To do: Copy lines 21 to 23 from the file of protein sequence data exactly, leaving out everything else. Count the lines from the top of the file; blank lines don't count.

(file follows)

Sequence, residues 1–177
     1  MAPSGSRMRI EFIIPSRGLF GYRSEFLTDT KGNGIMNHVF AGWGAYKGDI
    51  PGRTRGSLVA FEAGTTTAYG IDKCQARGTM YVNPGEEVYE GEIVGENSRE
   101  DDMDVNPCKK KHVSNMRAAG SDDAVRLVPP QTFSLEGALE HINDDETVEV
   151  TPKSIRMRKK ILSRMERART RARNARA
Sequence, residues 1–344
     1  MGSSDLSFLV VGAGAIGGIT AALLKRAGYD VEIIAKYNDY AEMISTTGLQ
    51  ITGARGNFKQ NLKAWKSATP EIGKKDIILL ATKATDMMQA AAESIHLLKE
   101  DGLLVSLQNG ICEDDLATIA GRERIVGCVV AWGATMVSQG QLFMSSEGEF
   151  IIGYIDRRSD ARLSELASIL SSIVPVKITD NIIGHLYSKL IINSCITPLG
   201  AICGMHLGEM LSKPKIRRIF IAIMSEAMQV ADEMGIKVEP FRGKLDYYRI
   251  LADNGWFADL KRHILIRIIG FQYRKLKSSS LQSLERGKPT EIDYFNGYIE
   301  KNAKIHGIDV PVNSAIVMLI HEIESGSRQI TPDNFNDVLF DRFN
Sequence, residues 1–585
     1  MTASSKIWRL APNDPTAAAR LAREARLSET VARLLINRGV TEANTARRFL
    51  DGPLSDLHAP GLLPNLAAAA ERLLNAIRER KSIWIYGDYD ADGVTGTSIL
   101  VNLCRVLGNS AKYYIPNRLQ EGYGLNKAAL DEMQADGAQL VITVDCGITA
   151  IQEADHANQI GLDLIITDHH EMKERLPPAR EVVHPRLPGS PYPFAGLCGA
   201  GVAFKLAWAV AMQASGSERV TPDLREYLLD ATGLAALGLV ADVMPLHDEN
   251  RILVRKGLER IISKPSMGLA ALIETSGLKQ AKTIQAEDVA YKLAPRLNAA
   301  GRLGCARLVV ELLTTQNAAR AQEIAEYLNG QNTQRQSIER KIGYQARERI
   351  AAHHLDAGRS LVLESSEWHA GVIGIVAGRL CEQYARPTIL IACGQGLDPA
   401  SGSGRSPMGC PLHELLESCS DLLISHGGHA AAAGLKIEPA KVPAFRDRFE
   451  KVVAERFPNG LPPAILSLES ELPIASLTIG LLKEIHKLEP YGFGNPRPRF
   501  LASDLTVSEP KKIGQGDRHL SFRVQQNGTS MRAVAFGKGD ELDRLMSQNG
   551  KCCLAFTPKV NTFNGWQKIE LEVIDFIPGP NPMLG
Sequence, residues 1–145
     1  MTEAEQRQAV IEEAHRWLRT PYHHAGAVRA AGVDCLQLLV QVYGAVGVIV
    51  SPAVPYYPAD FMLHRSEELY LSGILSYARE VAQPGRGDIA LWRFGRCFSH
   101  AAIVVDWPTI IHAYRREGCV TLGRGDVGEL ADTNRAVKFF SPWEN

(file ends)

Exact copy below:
   301  GRLGCARLVV ELLTTQNAAR AQEIAEYLNG QNTQRQSIER KIGYQARERI
   351  AAHHLDAGRS LVLESSEWHA GVIGIVAGRL CEQYARPTIL IACGQGLDPA
   401  SGSGRSPMGC PLHELLESCS DLLISHGGHA AAAGLKIEPA KVPAFRDRFE